Control of the Cell Cycle

Free Response

Describe the general conditions that must be met at each of the three main cell-cycle checkpoints.


The G1 checkpoint monitors adequate cell growth, the state of the genomic DNA, adequate stores of energy, and materials for S phase. At the G2 checkpoint, DNA is checked to ensure that all chromosomes were duplicated and that there are no mistakes in newly synthesized DNA. Additionally, cell size and energy reserves are evaluated. The M checkpoint confirms the correct attachment of the mitotic spindle fibers to the kinetochores.

Compare and contrast the roles of the positive cell-cycle regulators negative regulators.


Positive cell regulators such as cyclin and Cdk perform tasks that advance the cell cycle to the next stage. Negative regulators such as Rb, p53, and p21 block the progression of the cell cycle until certain events have occurred.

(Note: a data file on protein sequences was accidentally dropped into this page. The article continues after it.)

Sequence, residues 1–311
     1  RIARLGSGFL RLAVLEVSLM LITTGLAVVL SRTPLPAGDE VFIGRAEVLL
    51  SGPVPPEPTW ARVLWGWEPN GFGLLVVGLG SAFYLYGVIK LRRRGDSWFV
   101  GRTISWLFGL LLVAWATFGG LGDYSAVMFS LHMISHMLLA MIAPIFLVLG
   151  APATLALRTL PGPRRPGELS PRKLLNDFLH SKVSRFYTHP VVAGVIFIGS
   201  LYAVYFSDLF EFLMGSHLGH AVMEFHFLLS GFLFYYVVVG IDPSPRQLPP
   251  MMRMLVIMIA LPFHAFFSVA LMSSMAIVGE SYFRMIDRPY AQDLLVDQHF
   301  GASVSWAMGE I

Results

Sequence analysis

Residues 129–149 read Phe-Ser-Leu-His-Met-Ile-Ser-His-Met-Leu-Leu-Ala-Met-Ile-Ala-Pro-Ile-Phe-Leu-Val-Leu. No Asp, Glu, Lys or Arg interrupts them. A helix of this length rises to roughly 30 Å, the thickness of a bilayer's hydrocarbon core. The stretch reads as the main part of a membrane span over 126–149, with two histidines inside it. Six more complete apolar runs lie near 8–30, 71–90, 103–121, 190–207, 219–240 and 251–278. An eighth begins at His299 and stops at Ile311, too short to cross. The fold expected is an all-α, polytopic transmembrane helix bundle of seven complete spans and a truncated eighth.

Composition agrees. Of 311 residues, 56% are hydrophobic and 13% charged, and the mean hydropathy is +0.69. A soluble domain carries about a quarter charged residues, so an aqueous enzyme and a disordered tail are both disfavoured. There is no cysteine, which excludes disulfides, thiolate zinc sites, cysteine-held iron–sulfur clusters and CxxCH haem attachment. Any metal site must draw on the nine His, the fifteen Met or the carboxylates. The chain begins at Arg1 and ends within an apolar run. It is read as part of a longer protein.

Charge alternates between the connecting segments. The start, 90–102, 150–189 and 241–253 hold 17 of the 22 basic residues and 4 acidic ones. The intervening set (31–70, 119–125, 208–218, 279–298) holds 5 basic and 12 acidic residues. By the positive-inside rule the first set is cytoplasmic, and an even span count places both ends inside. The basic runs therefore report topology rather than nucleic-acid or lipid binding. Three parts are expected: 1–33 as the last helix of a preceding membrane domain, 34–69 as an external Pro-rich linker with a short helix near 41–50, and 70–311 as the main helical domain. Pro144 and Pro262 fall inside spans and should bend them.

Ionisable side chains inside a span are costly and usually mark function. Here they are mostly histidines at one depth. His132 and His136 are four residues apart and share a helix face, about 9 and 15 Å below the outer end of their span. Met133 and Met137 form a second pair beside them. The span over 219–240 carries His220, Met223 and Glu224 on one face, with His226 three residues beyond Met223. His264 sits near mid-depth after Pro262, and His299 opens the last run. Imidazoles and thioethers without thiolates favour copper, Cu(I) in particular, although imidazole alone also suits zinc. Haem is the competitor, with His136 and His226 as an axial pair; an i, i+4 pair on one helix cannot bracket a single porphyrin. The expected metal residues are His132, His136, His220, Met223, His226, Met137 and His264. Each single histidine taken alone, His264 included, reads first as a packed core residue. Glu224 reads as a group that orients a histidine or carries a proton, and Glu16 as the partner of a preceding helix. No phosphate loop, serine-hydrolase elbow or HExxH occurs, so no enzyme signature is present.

What steps are necessary for Cdk to become fully active?


Cdk must bind to a cyclin, and it must be phosphorylated in the correct position to become fully active.

Rb is a negative regulator that blocks the cell cycle at the G1 checkpoint until the cell achieves a requisite size. What molecular mechanism does Rb employ to halt the cell cycle?


Rb is active when it is dephosphorylated. In this state, Rb binds to E2F, which is a transcription factor required for the transcription and eventual translation of molecules required for the G1/S transition. E2F cannot transcribe certain genes when it is bound to Rb. As the cell increases in size, Rb becomes phosphorylated, inactivated, and releases E2F. E2F can then promote the transcription of the genes it controls, and the transition proteins will be produced.